Back to Boston
Our time at IndieBio & next steps at AstraZeneca
Nivien arrived at IndieBio in December with a novel target and initial venture funding. Since then, we’ve developed the first molecules that inhibit Hippo signaling, which may play a critical role in cancer’s resistance to treatment.
We’ve had positive and negative data, hiring successes and failures, novel discoveries and new IP. Now we’re moving back to Boston to work at the AstraZeneca BioHub. We officially start today and we have a lot to prove these next few weeks in order to advance our program.
It’s been 7 months since my last essay, but I’ll condense what feels like 7 years of learning into 7 short sections:
The primary catalyst for our return to Boston is AstraZeneca, which offered free access to lab space and equipment at the state-of-the-art BioHub. It’s an exciting opportunity to work with scientists from one of the best oncology teams in the world — and to save a lot of money on rent and equipment.
We’ve continued our partnership with Reverie Labs, a ML company that uses convolutional neural networks to optimize therapeutic candidates. With Reverie’s custom-built models, we’ve explored the selectivity of our best molecules and completed high-fidelity IC50 predictions to guide next steps.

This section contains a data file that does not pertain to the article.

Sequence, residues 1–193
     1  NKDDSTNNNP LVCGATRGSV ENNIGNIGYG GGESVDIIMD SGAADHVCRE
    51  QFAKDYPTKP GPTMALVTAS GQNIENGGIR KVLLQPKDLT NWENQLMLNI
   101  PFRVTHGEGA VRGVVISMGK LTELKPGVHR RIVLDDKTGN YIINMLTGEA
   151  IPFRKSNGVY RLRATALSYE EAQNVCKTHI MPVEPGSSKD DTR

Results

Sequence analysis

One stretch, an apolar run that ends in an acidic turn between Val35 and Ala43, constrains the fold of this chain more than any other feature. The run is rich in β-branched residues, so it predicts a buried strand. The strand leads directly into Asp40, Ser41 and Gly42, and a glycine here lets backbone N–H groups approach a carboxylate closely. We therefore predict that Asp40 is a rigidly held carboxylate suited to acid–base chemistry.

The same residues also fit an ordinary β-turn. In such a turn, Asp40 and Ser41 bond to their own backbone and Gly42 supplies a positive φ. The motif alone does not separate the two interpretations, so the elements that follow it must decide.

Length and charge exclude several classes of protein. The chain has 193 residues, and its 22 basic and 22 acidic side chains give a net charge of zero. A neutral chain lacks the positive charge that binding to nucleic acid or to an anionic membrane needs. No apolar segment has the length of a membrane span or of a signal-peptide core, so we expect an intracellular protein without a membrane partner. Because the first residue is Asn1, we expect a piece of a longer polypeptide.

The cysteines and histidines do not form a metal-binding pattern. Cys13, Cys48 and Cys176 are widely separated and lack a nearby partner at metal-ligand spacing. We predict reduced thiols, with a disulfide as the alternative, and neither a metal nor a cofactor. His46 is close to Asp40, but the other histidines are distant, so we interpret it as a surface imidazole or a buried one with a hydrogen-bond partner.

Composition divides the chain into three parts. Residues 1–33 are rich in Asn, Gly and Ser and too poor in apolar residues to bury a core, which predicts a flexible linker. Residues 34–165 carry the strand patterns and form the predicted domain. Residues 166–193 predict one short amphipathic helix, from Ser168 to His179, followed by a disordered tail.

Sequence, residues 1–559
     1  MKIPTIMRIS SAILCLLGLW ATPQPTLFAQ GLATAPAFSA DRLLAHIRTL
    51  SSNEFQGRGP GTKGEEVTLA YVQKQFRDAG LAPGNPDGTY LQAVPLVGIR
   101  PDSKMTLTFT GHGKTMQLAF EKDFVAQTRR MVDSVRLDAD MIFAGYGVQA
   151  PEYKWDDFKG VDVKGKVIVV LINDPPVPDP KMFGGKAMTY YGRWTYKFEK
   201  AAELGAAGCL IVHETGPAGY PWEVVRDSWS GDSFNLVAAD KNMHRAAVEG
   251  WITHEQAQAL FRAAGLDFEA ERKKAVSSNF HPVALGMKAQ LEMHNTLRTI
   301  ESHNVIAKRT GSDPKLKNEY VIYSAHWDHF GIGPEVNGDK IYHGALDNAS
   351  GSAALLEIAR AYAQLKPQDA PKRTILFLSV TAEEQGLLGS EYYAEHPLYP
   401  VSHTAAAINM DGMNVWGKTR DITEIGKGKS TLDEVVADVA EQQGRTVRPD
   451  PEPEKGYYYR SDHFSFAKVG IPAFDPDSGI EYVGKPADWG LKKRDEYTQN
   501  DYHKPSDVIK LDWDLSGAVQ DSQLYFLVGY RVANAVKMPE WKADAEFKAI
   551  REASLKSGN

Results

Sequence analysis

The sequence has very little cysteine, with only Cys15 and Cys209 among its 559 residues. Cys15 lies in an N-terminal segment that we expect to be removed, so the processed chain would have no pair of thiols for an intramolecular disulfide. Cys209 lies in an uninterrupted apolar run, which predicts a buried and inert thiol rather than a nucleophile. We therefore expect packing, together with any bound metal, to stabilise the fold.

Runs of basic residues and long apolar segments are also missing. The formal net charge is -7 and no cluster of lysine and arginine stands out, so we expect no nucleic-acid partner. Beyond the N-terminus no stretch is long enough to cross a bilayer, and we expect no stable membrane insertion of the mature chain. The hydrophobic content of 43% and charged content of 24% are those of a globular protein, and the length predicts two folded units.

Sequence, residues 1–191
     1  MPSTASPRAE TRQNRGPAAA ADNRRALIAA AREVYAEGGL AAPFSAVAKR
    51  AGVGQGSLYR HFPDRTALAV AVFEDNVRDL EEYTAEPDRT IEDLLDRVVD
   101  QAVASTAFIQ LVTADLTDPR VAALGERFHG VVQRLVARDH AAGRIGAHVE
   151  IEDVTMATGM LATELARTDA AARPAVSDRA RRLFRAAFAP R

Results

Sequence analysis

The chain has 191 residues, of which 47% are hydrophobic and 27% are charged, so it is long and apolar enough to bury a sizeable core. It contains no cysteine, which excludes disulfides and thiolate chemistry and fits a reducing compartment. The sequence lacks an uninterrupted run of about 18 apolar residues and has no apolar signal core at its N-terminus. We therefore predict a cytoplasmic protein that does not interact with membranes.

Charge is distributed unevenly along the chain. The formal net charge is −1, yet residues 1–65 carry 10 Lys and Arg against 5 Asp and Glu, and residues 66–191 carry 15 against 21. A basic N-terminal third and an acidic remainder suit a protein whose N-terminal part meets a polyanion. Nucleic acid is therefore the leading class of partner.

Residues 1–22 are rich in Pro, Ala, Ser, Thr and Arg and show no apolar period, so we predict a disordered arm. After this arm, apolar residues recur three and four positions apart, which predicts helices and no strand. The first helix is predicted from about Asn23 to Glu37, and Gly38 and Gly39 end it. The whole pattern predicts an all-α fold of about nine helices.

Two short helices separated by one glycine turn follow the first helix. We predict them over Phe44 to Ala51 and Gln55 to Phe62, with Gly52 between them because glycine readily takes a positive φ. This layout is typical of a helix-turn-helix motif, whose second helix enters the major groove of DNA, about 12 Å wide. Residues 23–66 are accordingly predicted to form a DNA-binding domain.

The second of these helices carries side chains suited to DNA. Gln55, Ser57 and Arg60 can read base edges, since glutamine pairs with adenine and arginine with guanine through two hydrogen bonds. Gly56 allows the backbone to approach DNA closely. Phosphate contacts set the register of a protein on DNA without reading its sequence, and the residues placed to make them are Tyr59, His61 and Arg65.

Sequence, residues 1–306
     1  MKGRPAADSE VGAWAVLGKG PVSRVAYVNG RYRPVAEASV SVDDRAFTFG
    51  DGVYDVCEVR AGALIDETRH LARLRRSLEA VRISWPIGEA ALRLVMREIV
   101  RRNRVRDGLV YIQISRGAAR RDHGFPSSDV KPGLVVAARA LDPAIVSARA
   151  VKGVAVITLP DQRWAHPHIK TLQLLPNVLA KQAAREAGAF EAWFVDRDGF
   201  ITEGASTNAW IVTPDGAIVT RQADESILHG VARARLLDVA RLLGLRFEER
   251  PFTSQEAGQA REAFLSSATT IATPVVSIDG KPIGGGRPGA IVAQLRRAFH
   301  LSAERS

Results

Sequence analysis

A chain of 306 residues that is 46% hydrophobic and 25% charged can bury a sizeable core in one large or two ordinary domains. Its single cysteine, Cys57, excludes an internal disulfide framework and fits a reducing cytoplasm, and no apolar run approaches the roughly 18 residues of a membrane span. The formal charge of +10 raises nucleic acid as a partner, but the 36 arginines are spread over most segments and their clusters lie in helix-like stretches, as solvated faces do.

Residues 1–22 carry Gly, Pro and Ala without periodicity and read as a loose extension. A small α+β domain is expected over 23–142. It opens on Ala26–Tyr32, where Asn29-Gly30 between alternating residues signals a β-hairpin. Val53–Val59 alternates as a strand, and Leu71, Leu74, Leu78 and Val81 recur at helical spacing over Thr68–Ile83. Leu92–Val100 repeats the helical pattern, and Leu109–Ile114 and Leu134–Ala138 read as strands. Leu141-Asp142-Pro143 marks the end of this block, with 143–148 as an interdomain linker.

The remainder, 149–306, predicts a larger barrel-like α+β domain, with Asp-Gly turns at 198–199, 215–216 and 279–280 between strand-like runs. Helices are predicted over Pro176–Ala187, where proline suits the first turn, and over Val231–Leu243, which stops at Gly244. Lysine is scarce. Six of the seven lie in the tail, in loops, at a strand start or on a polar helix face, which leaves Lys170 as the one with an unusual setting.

Another key partner has been Charles River Labs, a multinational CRO that made it possible for us to run industrial-scale drug discovery on a startup-scale budget. If you need an excellent CRO, I highly recommend their team.
2. Hiring & Firing
We recruited a veteran industry chemist and a postdoctoral cancer biologist in November. The chemist has been a star, but we had to re-hire our biologist after just a few weeks at IndieBio.
We didn’t recruit a replacement until we’d notified our first biologist. Then we moved fast, scoring 65 candidates and interviewing 27 scientists in 52 hours. We soon hired a senior cancer biologist from Houston Methodist (with prior postdocs at UCLA and the NIH) who has done solid work the past few months.
A few takeaways: Talk to every reference — listed or not. Personality and spirit are vital, but don’t let focus on culture outweigh core technical needs. When it doesn’t work out, be civil and empathetic but decisive: the show must go on.
3. Chemistry Fast, Biology Slow
We developed the first potent, selective Hippo inhibitors in 5 months with just $178K (faster/cheaper than industry standards), but our biological validation hardly moved beyond replicating proof-of-concept by our partners at Harvard.